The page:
TUNAI Wand Bluetooth Audio Transmitter REVIEW
I love wireless technology. I think it simplifies life so much to know that you don’t need to string cables around just to listen to a simple playlist on your computer or mobile phone. There are, however, still devices out there that need a little help with adapting to our increasingly wireless world. For me, it’s my work computer. I am working off of a PC that is almost 10 years old. It’s functional, but a little slow at times. And it’s absolutely not Bluetooth compatible. So, I recently added the Tunai Wand, a Bluetooth transmitter, to my work set-up so that I could use a set of wireless headphones while I work.
Tunai Creative is an accessory company based in Sri Lanka. They have been developing innovative Bluetooth products since 2014 and in January 2018, the WAND, an enhanced wireless audio home entertainment device, won a CES 2018 Innovation award. The tiny device is currently available through Kickstarter and as of this article being published, it has surpassed its goal by more than $13,000 with 4 days left in its campaign.
In working with Tunai, we were able to test out one of their pre-production units. And even though it’s not developed for retail sales (it did not come in a consumer package), the WAND is impressive. It is very simple to operate and it works very well. The WAND is designed specifically for streaming audio — nothing else. The device was created so that people who enjoy personal entertainment — sports, movies, streaming programs, games, etc. — could continue enjoying it without being tethered to a wired headset. If you’ve ever had to try and connect a wireless headset to a TV or gaming console that doesn’t accept it, you will know what a frustrating process it can be. You end up with 3X the number of cables to convert audio experience to wireless than you would have if you just plugged the headphones in as designed. WAND solves this problem.
The device is tiny. It measures 17mm x 17mm x 75mm and only weighs 22g. You can easily slip it into your pocket for travel and since no special software is needed to operate the WAND, you can use it anywhere with minimal set-up. WAND has three options for audio input — Analog (Aux), Optical, and USB (Micro). It does require power through USB so if you don’t connect to your audio that way, you will still need to plug it into power. I did find in my testing though if power is cut, the WAND will reconnect to the previously paired device when power is restored to it.
WAND supports Bluetooth 5.0 and has an operating range of 164 feet (open air). While I didn’t reach the full 164 feet, I did walk around my office area and the quality of the audio didn’t falter once. In fact, I was able to reach different areas of the building that I can’t reach with my Apple AirPods. At one point I was at least 30 feet away from my computer and had three walls between me and the device. The connection was as clear as day. I truly hope that more Bluetooth devices have this type of strength and range in the future because it’s awesome.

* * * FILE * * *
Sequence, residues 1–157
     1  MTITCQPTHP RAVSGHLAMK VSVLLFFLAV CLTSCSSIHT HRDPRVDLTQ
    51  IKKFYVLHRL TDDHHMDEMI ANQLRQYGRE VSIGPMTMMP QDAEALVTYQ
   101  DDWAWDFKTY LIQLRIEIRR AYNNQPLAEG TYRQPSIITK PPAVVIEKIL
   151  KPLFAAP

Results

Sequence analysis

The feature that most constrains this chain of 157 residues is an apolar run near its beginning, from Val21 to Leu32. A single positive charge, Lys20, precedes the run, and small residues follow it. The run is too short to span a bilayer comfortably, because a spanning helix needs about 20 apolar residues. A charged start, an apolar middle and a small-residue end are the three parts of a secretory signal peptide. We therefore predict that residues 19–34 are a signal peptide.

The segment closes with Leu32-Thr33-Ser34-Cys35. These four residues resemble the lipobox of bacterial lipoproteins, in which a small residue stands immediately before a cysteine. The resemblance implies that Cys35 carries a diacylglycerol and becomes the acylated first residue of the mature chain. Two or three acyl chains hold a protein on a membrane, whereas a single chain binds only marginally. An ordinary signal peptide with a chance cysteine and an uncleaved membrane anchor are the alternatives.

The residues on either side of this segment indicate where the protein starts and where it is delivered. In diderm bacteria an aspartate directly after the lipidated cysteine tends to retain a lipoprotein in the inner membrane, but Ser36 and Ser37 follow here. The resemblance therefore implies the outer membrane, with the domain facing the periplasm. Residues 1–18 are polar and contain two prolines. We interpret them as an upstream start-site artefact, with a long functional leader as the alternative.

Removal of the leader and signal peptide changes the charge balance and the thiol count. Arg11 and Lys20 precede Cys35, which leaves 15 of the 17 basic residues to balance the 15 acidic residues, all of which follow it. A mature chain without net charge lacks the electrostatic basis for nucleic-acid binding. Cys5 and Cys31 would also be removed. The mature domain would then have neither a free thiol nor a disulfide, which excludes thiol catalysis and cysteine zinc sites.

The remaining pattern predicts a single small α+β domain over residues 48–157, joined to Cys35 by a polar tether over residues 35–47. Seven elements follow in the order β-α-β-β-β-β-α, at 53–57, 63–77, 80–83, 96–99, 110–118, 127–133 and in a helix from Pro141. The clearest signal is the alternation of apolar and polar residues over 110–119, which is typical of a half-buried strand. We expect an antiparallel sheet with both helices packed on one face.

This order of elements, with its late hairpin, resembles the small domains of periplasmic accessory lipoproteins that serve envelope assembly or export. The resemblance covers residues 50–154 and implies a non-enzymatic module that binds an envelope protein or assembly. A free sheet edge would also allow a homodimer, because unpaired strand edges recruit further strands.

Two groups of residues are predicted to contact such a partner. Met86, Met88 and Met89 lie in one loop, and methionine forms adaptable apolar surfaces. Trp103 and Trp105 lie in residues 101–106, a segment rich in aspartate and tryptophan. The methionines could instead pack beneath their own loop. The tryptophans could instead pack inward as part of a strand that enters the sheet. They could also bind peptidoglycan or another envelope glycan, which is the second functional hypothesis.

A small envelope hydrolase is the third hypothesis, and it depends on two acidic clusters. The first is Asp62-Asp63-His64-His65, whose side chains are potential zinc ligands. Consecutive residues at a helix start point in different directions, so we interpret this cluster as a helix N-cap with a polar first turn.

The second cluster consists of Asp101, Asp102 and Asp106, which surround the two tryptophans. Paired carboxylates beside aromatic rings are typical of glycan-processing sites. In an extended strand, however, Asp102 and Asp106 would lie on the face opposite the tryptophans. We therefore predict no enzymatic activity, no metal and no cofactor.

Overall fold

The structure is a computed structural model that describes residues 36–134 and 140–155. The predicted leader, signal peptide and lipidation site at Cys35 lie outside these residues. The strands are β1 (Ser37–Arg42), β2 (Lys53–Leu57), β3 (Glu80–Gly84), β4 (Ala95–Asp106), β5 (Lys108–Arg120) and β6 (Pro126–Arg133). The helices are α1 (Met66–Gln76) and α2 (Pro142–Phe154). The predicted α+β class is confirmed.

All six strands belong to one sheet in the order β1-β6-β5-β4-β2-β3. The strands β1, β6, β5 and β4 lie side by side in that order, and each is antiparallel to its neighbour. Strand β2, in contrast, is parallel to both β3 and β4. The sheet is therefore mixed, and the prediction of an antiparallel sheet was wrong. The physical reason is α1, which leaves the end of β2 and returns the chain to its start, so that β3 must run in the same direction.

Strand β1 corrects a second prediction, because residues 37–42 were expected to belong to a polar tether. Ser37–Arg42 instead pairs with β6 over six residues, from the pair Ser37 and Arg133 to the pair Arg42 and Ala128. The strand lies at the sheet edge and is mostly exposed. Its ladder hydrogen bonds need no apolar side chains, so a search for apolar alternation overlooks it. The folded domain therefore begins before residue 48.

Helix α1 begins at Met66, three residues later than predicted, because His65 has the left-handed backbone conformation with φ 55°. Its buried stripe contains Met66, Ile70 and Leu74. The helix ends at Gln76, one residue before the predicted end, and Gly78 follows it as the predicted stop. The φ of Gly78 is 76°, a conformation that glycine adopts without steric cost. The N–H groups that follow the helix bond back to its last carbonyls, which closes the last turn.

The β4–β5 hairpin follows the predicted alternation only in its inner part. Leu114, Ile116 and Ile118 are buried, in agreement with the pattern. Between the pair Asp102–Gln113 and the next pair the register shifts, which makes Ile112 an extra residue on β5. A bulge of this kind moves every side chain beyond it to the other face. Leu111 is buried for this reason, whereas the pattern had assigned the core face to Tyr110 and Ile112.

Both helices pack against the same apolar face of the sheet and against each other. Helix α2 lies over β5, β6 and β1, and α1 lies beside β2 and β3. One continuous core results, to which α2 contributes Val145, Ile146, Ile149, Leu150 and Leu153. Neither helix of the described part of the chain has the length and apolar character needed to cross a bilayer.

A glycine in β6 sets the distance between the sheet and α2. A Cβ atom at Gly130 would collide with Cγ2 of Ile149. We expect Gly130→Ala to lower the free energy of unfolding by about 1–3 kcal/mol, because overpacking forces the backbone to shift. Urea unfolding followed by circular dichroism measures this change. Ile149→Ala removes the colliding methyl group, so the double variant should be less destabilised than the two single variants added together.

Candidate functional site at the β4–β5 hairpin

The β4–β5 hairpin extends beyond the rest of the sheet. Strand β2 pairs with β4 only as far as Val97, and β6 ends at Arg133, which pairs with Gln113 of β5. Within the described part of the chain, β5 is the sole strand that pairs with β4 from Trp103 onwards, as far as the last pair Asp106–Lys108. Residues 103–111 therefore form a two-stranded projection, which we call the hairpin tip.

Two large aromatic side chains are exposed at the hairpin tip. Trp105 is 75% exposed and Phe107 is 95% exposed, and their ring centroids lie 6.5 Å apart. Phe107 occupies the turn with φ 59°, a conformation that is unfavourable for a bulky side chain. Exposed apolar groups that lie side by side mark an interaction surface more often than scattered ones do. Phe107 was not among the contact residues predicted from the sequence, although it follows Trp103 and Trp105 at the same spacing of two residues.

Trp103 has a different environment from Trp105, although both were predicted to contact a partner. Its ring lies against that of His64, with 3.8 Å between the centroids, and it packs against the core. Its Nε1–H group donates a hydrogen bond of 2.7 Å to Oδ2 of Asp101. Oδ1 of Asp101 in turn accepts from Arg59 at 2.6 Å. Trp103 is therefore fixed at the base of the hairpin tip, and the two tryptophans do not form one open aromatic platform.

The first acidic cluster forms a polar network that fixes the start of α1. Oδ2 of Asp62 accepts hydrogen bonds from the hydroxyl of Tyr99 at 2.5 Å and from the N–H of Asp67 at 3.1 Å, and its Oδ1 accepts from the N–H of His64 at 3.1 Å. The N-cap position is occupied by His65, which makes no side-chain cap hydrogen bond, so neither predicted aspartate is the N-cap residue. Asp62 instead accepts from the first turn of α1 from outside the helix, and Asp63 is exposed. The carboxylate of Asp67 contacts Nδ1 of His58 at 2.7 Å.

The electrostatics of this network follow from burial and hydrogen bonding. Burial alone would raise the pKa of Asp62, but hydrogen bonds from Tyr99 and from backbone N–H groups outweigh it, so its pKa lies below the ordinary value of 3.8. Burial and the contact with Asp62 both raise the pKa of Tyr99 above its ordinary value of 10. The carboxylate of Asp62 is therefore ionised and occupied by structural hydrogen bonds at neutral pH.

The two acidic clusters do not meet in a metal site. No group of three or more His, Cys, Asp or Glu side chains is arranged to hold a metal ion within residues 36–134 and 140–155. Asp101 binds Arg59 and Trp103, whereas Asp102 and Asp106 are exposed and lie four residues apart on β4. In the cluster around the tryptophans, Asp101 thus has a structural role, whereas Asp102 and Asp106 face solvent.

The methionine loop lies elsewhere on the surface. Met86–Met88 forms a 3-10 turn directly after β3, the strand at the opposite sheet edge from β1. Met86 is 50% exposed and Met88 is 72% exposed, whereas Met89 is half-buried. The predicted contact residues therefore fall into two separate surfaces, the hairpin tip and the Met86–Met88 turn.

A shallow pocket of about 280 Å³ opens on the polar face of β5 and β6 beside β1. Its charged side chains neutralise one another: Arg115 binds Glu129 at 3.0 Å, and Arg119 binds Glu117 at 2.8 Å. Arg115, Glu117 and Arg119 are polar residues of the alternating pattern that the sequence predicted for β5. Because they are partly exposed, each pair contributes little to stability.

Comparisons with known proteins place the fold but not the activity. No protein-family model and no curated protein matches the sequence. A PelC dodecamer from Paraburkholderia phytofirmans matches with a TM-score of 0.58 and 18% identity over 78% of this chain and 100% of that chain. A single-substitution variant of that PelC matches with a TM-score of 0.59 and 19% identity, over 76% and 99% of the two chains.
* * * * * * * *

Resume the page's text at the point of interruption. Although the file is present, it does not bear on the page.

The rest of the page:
WAND provides dual-link CODEC support with aptX low latency, aptX, and SBC. You can connect to two receiving devices with zero lip-sync delay. I tested out the lip sync issues, which sometimes can be a problem with Bluetooth transmitters, by watching the Carpool Karaoke video featuring Paul McCartney on YouTube. I chose this video in particular because there is a lot of spoken word as well as music that I was familiar with so I would be able to easily tell if there were any sync issues. There were none during the entire 23-minute video. This is another place that the WAND impressed me.
Operation of the WAND is simple. After you plug it in, the device immediately goes into a Bluetooth pairing mode. At this point, you need to make sure your headphones are also in pairing mode and not trying to connect to any other device. The WAND will automatically pick up the signal and pair to your headphones. Once it’s paired, you press the LED light end of the stick in so that the color changes. This indicates which input mode is selected. After a few seconds, the LED will turn off. This doesn’t mean that the WAND is turned off. After you are connected to it, find a metal surface to attach the WAND to as its sides are magnetic.
Even though the WAND is mainly designed for home entertainment use, I really enjoy using it as a conduit for my work computer. It makes watching webcasts (which I have to review frequently) much easier. I do have one small problem to note. When using an AUX cable, you can detect a very minor hint of static in the line. I hear the same thing in my car when I am charging a device and have it plugged into the Aux port at the same time. It’s very faint though and I really didn’t perceive that it was interrupting my listening experience.
The WAND is a great device for people who love entertainment but don’t always want to broadcast it out loud. The device works seamlessly and since it’s incredibly simple to use, I think it’s a wonderful investment for any user.
Originally published at macsources.com on August 9, 2018.